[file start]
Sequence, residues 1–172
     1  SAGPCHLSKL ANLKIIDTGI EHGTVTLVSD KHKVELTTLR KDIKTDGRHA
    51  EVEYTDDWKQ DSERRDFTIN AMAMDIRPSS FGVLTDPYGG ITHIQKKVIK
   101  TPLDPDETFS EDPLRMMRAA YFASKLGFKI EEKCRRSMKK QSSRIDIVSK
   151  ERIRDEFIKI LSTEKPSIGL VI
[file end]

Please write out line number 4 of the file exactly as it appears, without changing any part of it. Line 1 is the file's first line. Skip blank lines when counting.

   101  TPLDPDETFS EDPLRMMRAA YFASKLGFKI EEKCRRSMKK QSSRIDIVSK